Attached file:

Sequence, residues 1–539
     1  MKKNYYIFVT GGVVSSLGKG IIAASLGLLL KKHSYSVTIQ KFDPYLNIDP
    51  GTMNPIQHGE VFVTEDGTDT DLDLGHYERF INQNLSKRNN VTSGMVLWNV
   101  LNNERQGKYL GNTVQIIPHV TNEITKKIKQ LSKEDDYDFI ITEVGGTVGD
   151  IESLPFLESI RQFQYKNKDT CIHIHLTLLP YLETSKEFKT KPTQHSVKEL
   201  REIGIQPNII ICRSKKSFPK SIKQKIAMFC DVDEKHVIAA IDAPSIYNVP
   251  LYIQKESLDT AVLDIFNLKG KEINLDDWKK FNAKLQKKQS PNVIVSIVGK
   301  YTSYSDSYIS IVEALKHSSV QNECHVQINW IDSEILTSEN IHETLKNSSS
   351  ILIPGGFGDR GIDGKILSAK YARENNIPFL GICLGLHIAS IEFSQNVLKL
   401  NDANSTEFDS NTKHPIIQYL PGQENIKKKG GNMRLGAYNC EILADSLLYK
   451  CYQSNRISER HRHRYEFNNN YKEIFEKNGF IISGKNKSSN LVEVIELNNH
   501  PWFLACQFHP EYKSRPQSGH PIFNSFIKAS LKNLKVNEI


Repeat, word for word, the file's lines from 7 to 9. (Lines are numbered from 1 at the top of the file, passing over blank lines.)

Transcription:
   251  LYIQKESLDT AVLDIFNLKG KEINLDDWKK FNAKLQKKQS PNVIVSIVGK
   301  YTSYSDSYIS IVEALKHSSV QNECHVQINW IDSEILTSEN IHETLKNSSS
   351  ILIPGGFGDR GIDGKILSAK YARENNIPFL GICLGLHIAS IEFSQNVLKL